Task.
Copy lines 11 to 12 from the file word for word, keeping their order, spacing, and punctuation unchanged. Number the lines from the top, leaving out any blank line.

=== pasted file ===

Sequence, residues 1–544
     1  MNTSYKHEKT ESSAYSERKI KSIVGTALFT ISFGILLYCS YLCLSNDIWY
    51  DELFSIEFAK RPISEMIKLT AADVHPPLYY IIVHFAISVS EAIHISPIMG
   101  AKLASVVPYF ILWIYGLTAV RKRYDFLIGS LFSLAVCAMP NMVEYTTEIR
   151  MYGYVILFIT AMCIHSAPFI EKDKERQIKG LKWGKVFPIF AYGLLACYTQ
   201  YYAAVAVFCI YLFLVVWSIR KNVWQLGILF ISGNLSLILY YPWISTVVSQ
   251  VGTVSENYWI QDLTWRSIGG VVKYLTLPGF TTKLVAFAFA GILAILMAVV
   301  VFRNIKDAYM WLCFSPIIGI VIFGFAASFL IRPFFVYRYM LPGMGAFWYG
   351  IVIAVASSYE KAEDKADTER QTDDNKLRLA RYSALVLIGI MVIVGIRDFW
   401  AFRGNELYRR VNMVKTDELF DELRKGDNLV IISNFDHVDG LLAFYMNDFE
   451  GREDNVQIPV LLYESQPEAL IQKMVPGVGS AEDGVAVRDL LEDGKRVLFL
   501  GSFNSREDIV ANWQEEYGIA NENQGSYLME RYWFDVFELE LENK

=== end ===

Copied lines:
   451  GREDNVQIPV LLYESQPEAL IQKMVPGVGS AEDGVAVRDL LEDGKRVLFL
   501  GSFNSREDIV ANWQEEYGIA NENQGSYLME RYWFDVFELE LENK